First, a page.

September 21, 2010 By Jessica Mulholland
This week, two streets in the river town of Quincy, Ill., will become different than all others -- under the surface, that is. The town is testing the option to run a superfast fiber to the home (FTTH) network in an unusual way -- through the wastewater system.
Before committing to full-blown FTTH via the sewer, the 16-square-mile city of 17,000 homes is using this pilot to test whether deployment in this fashion is the right approach, as was announced in mid-September. Fiber-optic cable will be installed in 1,300 feet of sewer on Harrison and S. 46th streets beginning Sept. 21 and concluding Sept. 24. Then the cable will rest there, untouched by the city for 30 days. On Oct. 24, the city will begin evaluating the cables to determine whether this method is a fit for Quincy. This will be the first sewer deployment in the U.S. for i3 America, part of i3 Group Ltd., which has deployed multiple FTTH networks through wastewater systems in the United Kingdom and Australia. The deployment comes at no cost to Quincy.
"We decided, after all the due diligence was done with our legal folks and my council, that we would allow [i3 Group] to come in and test a part of what they do," said Quincy Mayor John Spring. "We're looking forward to it. We're not sure what we'll find out, but they're pretty confident that if it's working in the older part of the world, it should work in the newer part of the world."
Many current U.S. FTTH networks (in about 85 cities) deployed fiber underground via trenching or other alternatives. Trenching involves digging a three-foot channel in the public right of way, which is not only costly, but also highly disruptive. Then there are alternatives like microtrenching, which while still in the public right of way, requires a smaller duct -- about half an inch wide and less than a foot deep. This method is still disruptive, though less so, and is estimated to cost less than half the cost of traditional trenching, according to OSP Magazine.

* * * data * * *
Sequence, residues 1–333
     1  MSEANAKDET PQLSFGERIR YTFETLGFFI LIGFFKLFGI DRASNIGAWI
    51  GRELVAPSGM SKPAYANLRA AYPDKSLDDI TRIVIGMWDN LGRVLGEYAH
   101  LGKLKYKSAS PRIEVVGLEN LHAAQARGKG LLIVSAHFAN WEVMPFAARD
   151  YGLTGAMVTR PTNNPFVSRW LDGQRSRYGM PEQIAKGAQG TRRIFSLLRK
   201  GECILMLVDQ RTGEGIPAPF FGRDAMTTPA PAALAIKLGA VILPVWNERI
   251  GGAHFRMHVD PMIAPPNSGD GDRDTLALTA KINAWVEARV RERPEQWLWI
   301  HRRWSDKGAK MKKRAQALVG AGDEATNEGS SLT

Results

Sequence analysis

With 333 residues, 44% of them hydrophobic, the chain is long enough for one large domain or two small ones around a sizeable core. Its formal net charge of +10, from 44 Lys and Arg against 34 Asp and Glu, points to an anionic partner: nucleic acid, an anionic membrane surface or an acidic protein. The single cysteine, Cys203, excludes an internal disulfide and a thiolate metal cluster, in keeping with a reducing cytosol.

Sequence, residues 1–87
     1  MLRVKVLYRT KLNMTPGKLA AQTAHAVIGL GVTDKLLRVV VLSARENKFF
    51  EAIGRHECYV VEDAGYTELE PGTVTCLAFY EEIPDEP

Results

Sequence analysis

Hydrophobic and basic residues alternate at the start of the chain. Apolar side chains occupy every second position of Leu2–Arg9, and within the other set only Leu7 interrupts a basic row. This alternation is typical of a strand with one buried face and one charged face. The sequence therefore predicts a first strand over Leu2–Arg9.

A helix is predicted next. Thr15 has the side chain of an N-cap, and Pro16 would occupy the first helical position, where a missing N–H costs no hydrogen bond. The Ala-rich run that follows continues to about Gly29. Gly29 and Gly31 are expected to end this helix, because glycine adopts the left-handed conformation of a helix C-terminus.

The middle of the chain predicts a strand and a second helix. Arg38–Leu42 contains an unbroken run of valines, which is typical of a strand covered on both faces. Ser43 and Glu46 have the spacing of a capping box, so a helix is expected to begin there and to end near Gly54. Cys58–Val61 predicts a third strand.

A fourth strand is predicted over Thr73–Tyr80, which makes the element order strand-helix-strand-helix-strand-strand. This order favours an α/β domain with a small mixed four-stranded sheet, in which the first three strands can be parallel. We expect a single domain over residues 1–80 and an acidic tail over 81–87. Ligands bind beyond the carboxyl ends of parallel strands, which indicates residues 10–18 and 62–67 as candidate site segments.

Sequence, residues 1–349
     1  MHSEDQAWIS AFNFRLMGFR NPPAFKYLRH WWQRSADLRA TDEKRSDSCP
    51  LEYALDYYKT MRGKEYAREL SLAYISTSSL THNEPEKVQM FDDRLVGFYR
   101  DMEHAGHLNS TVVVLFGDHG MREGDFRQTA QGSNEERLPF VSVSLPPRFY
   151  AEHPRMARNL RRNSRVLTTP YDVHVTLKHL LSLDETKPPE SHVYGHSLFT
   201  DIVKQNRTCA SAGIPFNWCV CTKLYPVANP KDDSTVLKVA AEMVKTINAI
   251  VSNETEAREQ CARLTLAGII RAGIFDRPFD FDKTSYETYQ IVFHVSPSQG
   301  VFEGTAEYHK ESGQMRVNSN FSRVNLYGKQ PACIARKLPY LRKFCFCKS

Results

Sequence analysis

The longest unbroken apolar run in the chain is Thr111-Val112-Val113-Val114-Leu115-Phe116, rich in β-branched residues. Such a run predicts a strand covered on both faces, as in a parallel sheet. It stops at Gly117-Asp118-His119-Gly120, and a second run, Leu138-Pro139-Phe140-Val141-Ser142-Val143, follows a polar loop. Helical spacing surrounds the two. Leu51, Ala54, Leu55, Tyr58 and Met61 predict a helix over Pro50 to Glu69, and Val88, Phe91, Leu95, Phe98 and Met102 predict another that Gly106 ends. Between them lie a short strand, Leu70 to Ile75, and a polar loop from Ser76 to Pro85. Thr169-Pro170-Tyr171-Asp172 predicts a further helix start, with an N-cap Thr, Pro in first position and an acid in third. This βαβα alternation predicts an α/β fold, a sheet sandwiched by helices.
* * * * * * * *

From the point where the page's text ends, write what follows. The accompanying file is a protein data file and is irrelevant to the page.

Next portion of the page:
On the whole, 16 percent of North American households have FTTH broadband connections, compared to 34 percent in Japan, according to the Fiber to the Home Council. Many of these international locales that offer FTTH -- like Tokyo, Paris and Vienna, to name a few -- are using the sewer approach, which saves money. The reason for that is simple: The wastewater system already exists, so there are no costs to run separate lines for fiber-optic cables.
"From where we have all our active equipment, we actually run out using the sewer system -- or any other existing conduits that are available -- to take that fiber into the immediate neighborhood area," said Alasdair Rettie, technical director at the i3 Group. "And then we'll use traditional or other methods we've devised to actually connect to the homes. We've achieved a solution that reduces cost by 30 to 50 percent."
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